On Monday, August 21, the Moon will line up with the Sun in Earth's daytime sky, to produce a total solar eclipse. Starting just after 9 a.m. PDT on the west coast, the Moon's shadow will begin tracking across Earth's surface. Locations to the east will see the eclipse start progressively later in the day (as well as taking time zones into account), until the shadow slips off the east coast of the United States at just before 3 p.m. EDT.
The path of totality for this eclipse - where viewers will see the Moon completely cover the disk of the Sun - traces a path from Oregon to South Carolina over a period of about an hour and a half, with each location along the path catching totality for a minimum of 2 minutes (at the start) up to 2 minutes and 41 seconds (at the maximum, through western Missouri, southern Illinois and western Kentucky). From locations in Canada, this will only appear as a partial eclipse, with the Moon covering a different percentage of the Sun's disk depending on the distance from the path of totality.
From when the edge of the Moon first impinges on the Sun's disk, to when the Moon completely exits the Sun's disk, the eclipse will last around two and a half hours, and peaks roughly halfway through.
How to view the Total Solar Eclipse
To watch the total solar eclipse on August 21, check the start, peak and end times for your location.
Below: Tracing the 2017 Solar Eclipse (NASA)
The only special equipment needed to watch the event is a pair of solar viewing glasses or eclipse glasses. Inexpensive ones made from cardstock are available from various retailers, as are more expensive ones with plastic frames. Regardless of the materials the frames are made of, the Mylar filters are the the important part, and observe all safety precautions while viewing the eclipse (see below).
If obtaining eclipse glasses is not an option, a simple pin-hole camera can be constructed, to project an image of the eclipse onto the ground or a wall. By watching the projection of the eclipse (with your back to the Sun), this is a safe way to view the event without eye protection.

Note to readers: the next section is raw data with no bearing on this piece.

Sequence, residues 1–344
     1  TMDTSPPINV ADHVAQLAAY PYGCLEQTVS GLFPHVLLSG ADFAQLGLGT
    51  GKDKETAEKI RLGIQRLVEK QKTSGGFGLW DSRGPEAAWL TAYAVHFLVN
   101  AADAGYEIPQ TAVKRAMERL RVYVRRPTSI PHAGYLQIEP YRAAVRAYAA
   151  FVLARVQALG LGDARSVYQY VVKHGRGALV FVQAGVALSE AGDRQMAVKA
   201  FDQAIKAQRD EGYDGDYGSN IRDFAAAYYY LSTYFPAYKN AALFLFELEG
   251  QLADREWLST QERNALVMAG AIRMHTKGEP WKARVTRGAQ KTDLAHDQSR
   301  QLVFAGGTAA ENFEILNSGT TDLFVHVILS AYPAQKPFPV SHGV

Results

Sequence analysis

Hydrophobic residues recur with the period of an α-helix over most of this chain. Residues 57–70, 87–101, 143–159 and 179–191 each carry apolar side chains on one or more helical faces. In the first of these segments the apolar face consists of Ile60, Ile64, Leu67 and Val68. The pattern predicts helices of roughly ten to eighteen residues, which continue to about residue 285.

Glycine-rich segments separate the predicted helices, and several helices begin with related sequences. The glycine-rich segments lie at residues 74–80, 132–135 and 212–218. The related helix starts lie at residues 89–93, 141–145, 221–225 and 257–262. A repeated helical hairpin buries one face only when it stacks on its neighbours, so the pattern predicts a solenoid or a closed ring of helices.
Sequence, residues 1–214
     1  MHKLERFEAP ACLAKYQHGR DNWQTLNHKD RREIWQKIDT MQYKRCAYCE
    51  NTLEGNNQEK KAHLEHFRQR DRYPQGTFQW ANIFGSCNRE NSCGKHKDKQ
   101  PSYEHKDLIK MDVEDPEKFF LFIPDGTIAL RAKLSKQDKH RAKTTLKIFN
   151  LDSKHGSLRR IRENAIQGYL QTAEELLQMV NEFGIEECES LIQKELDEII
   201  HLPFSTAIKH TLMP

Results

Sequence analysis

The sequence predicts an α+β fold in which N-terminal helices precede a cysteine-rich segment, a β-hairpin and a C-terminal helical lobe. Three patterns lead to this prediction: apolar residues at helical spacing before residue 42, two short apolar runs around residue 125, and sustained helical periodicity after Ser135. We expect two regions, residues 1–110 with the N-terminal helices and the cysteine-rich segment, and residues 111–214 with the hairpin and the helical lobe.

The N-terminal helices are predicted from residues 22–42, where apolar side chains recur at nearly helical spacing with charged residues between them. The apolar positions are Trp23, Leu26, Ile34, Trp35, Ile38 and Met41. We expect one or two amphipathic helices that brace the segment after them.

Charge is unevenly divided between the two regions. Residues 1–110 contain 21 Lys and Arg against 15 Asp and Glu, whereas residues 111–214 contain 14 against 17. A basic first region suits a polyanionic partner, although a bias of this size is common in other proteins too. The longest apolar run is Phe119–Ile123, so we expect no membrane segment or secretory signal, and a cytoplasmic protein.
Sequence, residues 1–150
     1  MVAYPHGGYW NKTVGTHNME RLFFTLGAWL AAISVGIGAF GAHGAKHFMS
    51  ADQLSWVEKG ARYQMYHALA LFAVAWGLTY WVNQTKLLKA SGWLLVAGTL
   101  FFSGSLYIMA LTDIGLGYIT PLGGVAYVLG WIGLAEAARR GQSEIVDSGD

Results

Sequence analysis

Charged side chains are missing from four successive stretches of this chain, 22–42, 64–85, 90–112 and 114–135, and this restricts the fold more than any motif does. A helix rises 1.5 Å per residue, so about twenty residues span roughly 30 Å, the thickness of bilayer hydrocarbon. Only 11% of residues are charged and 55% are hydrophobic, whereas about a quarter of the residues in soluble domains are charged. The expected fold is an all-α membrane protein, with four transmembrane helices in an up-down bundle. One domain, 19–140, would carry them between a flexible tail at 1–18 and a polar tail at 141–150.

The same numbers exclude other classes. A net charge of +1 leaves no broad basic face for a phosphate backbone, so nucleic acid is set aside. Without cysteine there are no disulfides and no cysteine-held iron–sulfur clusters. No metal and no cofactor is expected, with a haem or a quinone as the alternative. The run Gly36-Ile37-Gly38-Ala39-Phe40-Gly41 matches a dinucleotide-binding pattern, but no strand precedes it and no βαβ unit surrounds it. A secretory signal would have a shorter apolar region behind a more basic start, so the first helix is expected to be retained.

Cameras are good for capturing the event, and telescopes and binoculars are useful for either getting a closeup look at the edges of the Moon, the surface of the Sun (during the partial eclipse), or the lines of the solar wind (during totality). However, these are not needed for viewing and may even detract from the experience for first-time viewers. Also, just as the Sun's radiation can damage unprotected eyes, it can also damage unprotected equipment. If you wish to use a camera or telescope, be sure to purchase special Mylar filters to fit over the lens of the camera or to cap the end of the telescope. Special solar-viewing binoculars are also available, which have permanent protective filters.
Regardless of where you watch the eclipse from, be mindful of the weather forecast, as overcast skies across whatever location you choose to view from will ruin the experience, and observe normal precautions for being out in the Sun (such as wearing sunblock, covering your head and bringing along water).
WARNING: Be very careful and do not take chances with your eyesight during this event.
• REMEMBER - Do not look directly at the Sun without the proper eye protection, for any length of time, even during a solar eclipse.
• Use solar viewing glasses or eclipse glasses, and check to ensure that the lenses are intact. Discard any pair where the Mylar lenses are damaged.
• NEVER look at the Sun using an unfiltered telescope or pair of binoculars. This applies even if you are wearing Mylar filter glasses, as the focused sunlight can burn through the filters.
• Do not use normal sunglasses. No matter how dark they are or what their UV rating is, normal sunglasses will not be enough to protect your eyes as you look directly at the Sun.
• #14 welder's glass does offer adequate protection, but be sure that the equipment actually has this rating (some arc-welder equipment may not, leaving the wearer's eyes vulnerable to the Sun's radiation).
Special Note for those viewing from the Path of Totality: when viewing an eclipse from the path of totality, there is a roughly 2-minute period when it is safe, and in fact encouraged, to look at a total solar eclipse without eye protection. This ONLY applies when viewing along the path of totality and ONLY when the Moon is completely covering the Sun. Never attempt this during any partial solar eclipse or annular ("Ring of Fire") solar eclipse, or while viewing a total solar eclipse from outside of the path of totality, or at any time during a total solar eclipse, viewed from the path of totality, when the moon is not completely covering the Sun.
Even the "diamond ring" parts of a solar eclipse, when there is the tiniest sliver of the Sun showing on either side of the Moon, are too dangerous to view without protection. Wait until the Moon completely covers the Sun before removing eye protection, and replace eye protection or look away before the edge of the Sun appears on the other side of the Moon. See NASA's Eye Safety During a Total Solar Eclipse page for a detailed safety guide, and if you do choose to view the total eclipse without eye protection, please exercise extreme caution during this time. Credit: NASA GSVS/Scott Sutherland
Also, if you are viewing from the path of totality, be sure to look around you during those 2+ minutes when the Moon's shadow is passing directly over you! Watch as the Moon plunges the surrounding area into twilight, affecting local plants, wildlife and even the weather, as winds tend to go calm during this period of time!